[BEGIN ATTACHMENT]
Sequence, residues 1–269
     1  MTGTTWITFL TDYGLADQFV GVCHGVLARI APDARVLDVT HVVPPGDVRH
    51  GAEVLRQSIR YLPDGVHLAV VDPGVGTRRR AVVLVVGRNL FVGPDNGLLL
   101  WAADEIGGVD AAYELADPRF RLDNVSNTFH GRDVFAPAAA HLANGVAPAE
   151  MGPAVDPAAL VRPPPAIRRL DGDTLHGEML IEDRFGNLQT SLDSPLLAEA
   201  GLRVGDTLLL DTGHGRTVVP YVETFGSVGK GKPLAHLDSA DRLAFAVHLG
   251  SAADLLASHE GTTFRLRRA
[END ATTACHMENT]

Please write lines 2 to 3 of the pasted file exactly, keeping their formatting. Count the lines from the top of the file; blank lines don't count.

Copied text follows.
     1  MTGTTWITFL TDYGLADQFV GVCHGVLARI APDARVLDVT HVVPPGDVRH
    51  GAEVLRQSIR YLPDGVHLAV VDPGVGTRRR AVVLVVGRNL FVGPDNGLLL